It is also not grant one nation the right or ability to impose views or beliefs onto another person or nation; it does not reign superior over any other thoughts, actions, or systems of beliefs. It simply one option.

I believe that it is inherently un-democratic to enforce ‘democratic’ beliefs on other nations by force, economic sanctions, tied aid, or any other means. I believe it is inherently un-democratic to invade other nations for the ‘sake of democracy.’

Now, I understand that ‘military interventions’ have the unique ability to stimulate the economy; particularly the economy of such nations that have large investments in weaponry; but it halts and harms the economies of the nations that are invaded, devastated, and destroyed.

Now, does having these beliefs make me un-democratic? No. Does believing this make me anti-USA? No. Even if I chose to protest or partake in a protest? No, still in the clear.

Then why must singers, performers, actors, etc. apologize for doing this very thing and/or risk being banned from the country?? Isn’t it democratic for them to be able to voice their opinions and act on those opinions? Particularly if those voices and actions are causing no harm. Why must all ‘leaders’ and ‘role-models’ dissent to popular opinion? Aren’t they simply doing what the definition of ‘democracy’ encourages them to do: have an equal say in the decisions that affect their lives?

International Human Rights Day 2012

Yesterday I had the privilege of attending a seminar in Hanoi for International Human Rights Day and I must say it was interesting. I will not be posting very much about it for now, but in the meantime here are some select quotes and upcoming events that I thought were interesting as they apply to citizens of Vietnam, Canada, and the world. This was a wonderful opportunity to celebrate human rights achievements in Canada, Vietnam and the world from 1948 to the present.

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A Tale of Two Villages

Follow-up on a previous post

Chieng Khoang and Chieng Chung are located less than a kilometer apart within a 20 minute walk of Tuan Giao Town in Tuan Giao District, Dien Bien Province yet these two villages each have a unique story. But before I get into that, I’ll begin with a little bit of history from the area.

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Development Stereotypes

As a Canadian intern one of my greatest assets is my ability to speak, read, write, and comprehend English; being able to work comfortably in English and represent SRD to the English speaking world are a few of the things I’m valued for here. What this means is that I’m often sent to workshops, training sessions, meetings, and – recently – policy development working groups where I’m expected to represent SRD and all of the Vietnamese NGOs that they represent. At these types of meetings, I have seen several stereotypes come into play many of which I’m fairly certain I’m supposed to remain silent about and pretend don’t happen…

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Humanity: what it means and why we can’t lose it

The Case Against Killer Robots, sounds like the title for a sci-fi meets detective movie doesn’t it?

Unfortunately, its not. It is a real report written by Human Rights Watch depicting the development of robotic machinery that require no human involvement in the warfare part of war, which could be finalized in as little as twenty years. International humanitarian law has found they this type of machinery would be unable to distinguish between civilians and armed forces and therefore violates such laws.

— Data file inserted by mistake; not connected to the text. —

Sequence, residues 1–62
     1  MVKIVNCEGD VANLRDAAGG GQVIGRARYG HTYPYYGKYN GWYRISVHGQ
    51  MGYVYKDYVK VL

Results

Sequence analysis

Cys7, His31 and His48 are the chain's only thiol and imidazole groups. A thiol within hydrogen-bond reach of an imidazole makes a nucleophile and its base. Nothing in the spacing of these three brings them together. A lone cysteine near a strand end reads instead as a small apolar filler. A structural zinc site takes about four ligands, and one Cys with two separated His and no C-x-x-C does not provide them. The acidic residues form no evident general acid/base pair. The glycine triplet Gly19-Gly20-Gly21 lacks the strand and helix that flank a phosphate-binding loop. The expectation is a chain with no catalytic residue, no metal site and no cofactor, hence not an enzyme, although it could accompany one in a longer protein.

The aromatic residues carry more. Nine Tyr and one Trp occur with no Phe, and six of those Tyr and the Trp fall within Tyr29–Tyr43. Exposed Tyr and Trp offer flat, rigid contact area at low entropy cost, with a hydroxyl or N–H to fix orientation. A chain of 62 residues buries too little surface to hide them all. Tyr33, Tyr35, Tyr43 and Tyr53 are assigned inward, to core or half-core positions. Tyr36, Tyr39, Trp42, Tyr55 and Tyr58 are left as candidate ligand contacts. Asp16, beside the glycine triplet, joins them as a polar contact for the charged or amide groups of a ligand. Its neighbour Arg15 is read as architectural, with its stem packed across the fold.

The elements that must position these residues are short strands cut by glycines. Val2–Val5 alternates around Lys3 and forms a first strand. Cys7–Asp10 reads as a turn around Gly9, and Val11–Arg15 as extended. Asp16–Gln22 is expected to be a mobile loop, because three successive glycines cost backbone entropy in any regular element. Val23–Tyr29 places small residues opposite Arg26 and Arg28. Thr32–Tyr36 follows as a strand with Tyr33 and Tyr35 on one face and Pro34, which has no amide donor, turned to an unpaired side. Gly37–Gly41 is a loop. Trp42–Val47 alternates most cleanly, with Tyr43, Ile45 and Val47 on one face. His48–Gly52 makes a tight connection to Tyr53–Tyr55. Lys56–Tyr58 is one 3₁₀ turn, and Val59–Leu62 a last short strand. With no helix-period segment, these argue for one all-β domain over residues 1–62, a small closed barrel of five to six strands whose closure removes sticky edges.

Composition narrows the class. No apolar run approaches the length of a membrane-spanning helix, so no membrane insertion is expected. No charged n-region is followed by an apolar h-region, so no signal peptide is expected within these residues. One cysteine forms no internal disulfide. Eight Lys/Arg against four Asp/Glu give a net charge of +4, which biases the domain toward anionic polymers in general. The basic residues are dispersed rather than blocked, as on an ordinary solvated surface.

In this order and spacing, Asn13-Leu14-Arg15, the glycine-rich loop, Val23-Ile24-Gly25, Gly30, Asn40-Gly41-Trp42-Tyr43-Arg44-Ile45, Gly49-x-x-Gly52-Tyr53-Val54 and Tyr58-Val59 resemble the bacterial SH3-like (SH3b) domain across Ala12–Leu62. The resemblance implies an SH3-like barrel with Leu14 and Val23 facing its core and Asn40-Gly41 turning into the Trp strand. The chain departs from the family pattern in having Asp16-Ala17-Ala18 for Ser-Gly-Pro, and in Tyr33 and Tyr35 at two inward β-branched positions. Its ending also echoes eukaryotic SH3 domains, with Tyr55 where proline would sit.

Not surprisingly the USA seems to be taking the lead in the development of such weaponry and the US Department of Defence has written that it ‘envisions unmanned systems seamlessly operating with manned systems while gradually reducing the degree of human control and decision making required for the unmanned portion of the force structure.’ Sound terrifying? It is.

This would essentially restrict the need for nations to have human involvement in war, which would reduce the thought to humanity given before invading other nations. However, this would only happen for countries with the research capabilities and funding to invest in such technologies and would increase deaths and civilian deaths for other nations.

You’d think that if we have the technology, resources, and intellectual ability to literally make autonomous robot killing machines we would have it in us to not fight. I bet the money the USA uses to make one  of those machiens could end poverty in their own country. . .

Contraception is a Human Right

We have found that there are no mental health consequences of abortion compared to carrying an unwanted pregnancy to term. There are other interesting findings: even later abortion is safer than childbirth and women who carried an unwanted pregnancy to term are three times more likely than women who receive an abortion to be below the poverty level two years later.

That is a quote from the researchers who are two years in to a five year study abortion – specifically the first scientific study which looks at what happens to women who have been denied abortions. This study has been following 956 women who sought abortions, 182 of which were denied. This study takes place in the USA but I believe much of the information can be extrapolated to other nations.

I find it fascinating that less than halfway into the study researchers are already able to debunk many of the common reasons why women are denied abortions and protestors push for pro-life national agendas. Firstly, abortion does not cause mental illness. Secondly, abortion does not cause drug use. Particularly when combined with the emotional distress of carrying an unwanted child to term. In fact, the study found that giving birth to an unwanted child caused more physical damage than an abortion: “There were no severe complications after abortion; after birth complications included seizure, fractured pelvis, infection and hemorrhage. We find no differences in chronic health conditions at 1 week or one year after seeking abortion.”